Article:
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For example,

the estimated spend for Q3 is a million dollars.

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+1 I was thinking about this question just this weekend. Also, the proper term for "nounification" is nominalize. :) –  Zairja Aug 21 '12 at 18:24
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It comes from the verb spend, of course. :) –  Robusto Aug 21 '12 at 18:31
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You may also want to refer to this blog and the OED entry. The word does have a long history (not slang or business jargon), but has become more popular in business circles in recent decades. a1688; J. Bunyan Israel's Hope Encouraged in Wks. (1855) I. 618; "What if I cannot but live upon the spend all my days, yet, if my friend will always supply my need, is it not well for me?" –  Zairja Aug 21 '12 at 18:31
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closed as general reference by FumbleFingers, cornbread ninja 麵包忍者, MετάEd, tchrist, kiamlaluno Sep 3 '12 at 23:52

This question is too basic; it can be definitively and permanently answered by a single link to a standard internet reference source designed specifically to find that type of information.If this question can be reworded to fit the rules in the help center, please edit the question.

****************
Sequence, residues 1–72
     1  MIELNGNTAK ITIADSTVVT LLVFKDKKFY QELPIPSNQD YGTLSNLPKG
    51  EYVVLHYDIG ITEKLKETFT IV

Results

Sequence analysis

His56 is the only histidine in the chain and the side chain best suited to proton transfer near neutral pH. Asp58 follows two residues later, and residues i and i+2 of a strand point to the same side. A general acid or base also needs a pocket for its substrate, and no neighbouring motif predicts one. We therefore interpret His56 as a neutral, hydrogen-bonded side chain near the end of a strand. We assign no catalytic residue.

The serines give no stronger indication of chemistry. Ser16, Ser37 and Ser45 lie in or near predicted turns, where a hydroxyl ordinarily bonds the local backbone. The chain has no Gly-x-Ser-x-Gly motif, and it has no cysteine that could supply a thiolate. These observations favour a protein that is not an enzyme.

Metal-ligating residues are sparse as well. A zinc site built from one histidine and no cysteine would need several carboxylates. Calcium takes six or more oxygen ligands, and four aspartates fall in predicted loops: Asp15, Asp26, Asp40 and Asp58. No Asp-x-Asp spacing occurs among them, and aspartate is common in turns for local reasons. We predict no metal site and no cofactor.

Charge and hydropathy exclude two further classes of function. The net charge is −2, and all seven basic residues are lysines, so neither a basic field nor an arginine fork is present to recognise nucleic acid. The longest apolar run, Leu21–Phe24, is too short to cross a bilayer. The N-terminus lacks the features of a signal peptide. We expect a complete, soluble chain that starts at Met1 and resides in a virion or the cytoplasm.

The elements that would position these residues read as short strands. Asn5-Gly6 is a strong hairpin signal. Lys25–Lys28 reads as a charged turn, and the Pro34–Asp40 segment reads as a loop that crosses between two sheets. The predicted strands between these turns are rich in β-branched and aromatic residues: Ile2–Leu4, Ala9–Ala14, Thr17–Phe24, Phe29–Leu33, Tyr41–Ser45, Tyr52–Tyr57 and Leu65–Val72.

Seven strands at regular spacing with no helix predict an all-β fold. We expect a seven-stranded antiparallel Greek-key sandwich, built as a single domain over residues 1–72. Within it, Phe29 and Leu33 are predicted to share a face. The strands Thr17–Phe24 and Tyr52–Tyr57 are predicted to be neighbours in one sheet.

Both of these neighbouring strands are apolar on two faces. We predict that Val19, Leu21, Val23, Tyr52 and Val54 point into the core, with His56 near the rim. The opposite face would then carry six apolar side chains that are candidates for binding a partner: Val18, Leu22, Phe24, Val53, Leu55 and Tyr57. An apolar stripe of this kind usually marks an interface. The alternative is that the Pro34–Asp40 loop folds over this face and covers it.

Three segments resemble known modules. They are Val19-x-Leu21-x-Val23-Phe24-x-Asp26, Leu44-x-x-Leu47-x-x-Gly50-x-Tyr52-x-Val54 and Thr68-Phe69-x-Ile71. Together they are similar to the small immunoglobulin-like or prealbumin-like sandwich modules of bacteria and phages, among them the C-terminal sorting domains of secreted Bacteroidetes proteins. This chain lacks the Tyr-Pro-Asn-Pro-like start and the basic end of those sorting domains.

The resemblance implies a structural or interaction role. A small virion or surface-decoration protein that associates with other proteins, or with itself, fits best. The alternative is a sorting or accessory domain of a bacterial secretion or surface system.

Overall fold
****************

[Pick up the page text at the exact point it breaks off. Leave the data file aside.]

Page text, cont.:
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up vote 5 down vote accepted

It comes from the verb spend and according to the Oxford English Dictionary, the noun (the action of spending money or the amount spent) has been used since before 1688, in The works of John Bunyan: with an introduction to each treatise, notes, and a sketch of his life, times, and contemporaries:

What if I cannot but live upon the spend all my days, yet, if my friend will always supply my need, is it not well for me?

Or, specifically as the amount spent, the earliest quotation is from 1976, in Computers in Higher Education & Research:

About £21 million should be spent for universities on new machines, buildings and operating costs..with a spend of about £10 million for research councils for similar purposes.

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